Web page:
On the demand side of the equation, worries about the broader economy may have helped douse the brief rally, even as US producer hedging also helped cap price increases. End-user demand has dramatically weakened in recent months. Kayrros machine learning forecasts of short-term demand in 10 of the world’s top economies sees further slowdown ahead, in line with deteriorating economic indicators and worries about the US-China trade war. US tight oil companies were also quick to greet the brief rally with a fresh round of producer hedging.

The story is not over just yet, however — there is still a lot that can go wrong, warranting continued close market monitoring. Repairs at Abqaiq as of early October were still ongoing, and whether patches made to the damaged spheroids will prove long-lasting or are just a temporary fix remains to be seen. Declines at mature Saudi fields may however be a blessing in disguise by providing the flexibility to idle units sequentially for further repairs without impacting overall processing rates. The capacity of a given oil processing facility is rarely perfectly matched with available field production as normal decline and new project sanctions advance.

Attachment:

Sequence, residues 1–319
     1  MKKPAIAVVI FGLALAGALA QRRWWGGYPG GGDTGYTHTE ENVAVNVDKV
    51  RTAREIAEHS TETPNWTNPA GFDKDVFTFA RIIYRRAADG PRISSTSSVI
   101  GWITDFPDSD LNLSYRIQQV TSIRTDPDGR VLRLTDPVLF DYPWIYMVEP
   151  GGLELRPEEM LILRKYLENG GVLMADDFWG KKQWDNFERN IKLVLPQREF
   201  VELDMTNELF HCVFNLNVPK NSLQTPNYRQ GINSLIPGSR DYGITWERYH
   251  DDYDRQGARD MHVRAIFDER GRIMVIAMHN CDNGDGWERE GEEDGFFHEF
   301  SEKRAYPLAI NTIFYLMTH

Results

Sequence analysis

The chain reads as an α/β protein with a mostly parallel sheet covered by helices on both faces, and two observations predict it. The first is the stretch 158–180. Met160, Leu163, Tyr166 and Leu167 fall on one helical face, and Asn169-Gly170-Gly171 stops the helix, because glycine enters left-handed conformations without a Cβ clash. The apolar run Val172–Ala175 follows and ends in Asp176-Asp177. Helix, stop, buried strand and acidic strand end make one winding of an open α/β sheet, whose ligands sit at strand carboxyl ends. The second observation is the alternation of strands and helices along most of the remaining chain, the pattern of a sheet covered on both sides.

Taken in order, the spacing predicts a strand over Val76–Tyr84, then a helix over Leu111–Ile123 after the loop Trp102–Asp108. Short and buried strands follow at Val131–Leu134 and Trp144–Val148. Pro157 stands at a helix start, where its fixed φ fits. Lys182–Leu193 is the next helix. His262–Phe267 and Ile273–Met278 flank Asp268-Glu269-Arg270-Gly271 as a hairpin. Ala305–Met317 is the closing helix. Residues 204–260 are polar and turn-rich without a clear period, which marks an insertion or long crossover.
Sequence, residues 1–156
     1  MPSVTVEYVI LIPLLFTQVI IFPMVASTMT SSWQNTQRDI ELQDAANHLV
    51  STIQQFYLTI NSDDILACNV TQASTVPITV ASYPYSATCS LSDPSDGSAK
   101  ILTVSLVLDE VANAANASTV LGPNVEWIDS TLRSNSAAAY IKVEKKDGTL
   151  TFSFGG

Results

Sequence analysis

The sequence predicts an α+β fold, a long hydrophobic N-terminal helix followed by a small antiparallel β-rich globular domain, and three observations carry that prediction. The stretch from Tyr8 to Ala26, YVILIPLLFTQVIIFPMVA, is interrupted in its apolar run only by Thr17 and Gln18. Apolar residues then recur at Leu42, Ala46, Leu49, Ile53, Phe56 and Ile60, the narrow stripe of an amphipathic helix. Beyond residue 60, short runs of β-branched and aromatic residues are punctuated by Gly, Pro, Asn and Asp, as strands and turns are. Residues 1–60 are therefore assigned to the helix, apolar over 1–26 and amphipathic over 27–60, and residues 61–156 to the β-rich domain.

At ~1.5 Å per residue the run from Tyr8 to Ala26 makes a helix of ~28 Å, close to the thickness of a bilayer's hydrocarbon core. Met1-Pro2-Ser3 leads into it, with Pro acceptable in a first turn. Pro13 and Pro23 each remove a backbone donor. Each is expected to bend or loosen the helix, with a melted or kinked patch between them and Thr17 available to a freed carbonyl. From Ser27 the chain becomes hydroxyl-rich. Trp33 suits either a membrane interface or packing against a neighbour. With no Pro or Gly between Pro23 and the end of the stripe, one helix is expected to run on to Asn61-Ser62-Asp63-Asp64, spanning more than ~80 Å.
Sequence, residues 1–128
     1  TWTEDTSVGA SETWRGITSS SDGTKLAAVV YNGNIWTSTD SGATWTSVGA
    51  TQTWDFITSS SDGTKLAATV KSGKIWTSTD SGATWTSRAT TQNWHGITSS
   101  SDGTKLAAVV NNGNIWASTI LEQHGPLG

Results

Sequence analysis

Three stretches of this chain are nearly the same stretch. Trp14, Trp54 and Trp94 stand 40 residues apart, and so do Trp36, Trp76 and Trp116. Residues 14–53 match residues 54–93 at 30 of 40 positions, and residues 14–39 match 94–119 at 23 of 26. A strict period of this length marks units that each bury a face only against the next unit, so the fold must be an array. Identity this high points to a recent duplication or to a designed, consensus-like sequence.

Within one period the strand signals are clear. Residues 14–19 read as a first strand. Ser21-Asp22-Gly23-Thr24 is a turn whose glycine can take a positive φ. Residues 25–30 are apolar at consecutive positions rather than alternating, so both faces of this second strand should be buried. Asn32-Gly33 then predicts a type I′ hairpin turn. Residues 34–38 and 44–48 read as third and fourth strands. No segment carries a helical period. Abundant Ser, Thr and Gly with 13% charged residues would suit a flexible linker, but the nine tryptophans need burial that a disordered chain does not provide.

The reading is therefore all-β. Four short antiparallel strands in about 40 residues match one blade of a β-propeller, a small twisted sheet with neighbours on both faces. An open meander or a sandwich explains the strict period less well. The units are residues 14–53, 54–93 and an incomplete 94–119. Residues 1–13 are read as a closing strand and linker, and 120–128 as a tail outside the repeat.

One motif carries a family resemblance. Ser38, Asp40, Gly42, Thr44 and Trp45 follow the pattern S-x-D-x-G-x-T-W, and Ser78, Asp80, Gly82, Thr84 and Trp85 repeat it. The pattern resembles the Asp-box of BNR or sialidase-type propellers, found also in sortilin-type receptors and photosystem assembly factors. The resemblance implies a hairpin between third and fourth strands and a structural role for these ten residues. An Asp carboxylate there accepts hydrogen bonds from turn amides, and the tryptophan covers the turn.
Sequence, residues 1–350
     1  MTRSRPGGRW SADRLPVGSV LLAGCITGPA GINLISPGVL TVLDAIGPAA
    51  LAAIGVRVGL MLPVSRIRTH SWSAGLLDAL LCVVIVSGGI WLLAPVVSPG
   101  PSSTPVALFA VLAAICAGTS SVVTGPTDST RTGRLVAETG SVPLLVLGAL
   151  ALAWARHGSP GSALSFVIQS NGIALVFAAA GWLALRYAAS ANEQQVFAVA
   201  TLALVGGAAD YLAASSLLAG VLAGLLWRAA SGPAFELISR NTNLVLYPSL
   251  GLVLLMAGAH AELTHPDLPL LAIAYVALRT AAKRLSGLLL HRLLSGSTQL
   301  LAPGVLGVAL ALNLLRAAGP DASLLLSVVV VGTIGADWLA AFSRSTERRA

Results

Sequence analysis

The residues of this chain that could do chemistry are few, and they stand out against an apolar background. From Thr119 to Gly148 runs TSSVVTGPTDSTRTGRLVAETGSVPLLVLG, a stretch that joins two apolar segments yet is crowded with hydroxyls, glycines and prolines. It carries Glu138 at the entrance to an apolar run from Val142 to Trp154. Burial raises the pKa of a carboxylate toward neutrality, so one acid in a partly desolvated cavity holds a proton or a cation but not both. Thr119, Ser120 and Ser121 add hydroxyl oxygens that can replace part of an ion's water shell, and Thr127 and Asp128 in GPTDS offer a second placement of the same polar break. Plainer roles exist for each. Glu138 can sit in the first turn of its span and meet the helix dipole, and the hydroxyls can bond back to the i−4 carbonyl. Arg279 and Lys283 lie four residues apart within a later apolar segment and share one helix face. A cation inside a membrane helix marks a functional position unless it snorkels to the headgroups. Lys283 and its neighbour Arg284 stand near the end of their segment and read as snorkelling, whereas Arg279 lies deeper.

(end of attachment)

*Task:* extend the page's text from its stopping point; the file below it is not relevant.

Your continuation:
Natural decline at some of Saudi Arabia’s mature fields is believed to have created substantial spare capacity at Abqaiq, above and beyond the initial design. Each of the spheroids, including eight older units initially designed to process crude from Ghawar and Abqaiq and three newer ones added to handle supply from Shaybah, is believed to have a capacity of roughly 1 MMb/d. The Abqaiq field is believed to have peaked around 800,000 b/d — 1 MMb/d and may be down to about 300,000 b/d. Ghawar, the world’s largest field, might have peaked around 5.5 million b/d, according to sources familiar with the country’s oil sector. Decline in its northern section was only partly offset by development of the southernmost sections. Shaybah’s capacity is around 1 MMb/d. Overall, this seems to provide enough spare capacity for one or maybe even two spheroids to be out of service without hindering the plant’s ability to produce at full oilfield capacity. At the same time, satellite imagery also confirmed that some of the drone and/or missile strikes were quite superficial so that the damaged parts of the spheroids could be quickly patched.